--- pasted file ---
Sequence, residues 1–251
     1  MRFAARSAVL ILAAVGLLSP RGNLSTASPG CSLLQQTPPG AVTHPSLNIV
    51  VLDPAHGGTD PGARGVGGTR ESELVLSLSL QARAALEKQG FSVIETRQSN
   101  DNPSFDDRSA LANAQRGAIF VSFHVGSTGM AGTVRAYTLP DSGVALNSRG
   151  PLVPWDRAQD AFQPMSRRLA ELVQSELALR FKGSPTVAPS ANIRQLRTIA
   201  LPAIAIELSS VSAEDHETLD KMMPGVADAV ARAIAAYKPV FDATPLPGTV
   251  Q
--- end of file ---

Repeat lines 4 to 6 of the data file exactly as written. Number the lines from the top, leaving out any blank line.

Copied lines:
   101  DNPSFDDRSA LANAQRGAIF VSFHVGSTGM AGTVRAYTLP DSGVALNSRG
   151  PLVPWDRAQD AFQPMSRRLA ELVQSELALR FKGSPTVAPS ANIRQLRTIA
   201  LPAIAIELSS VSAEDHETLD KMMPGVADAV ARAIAAYKPV FDATPLPGTV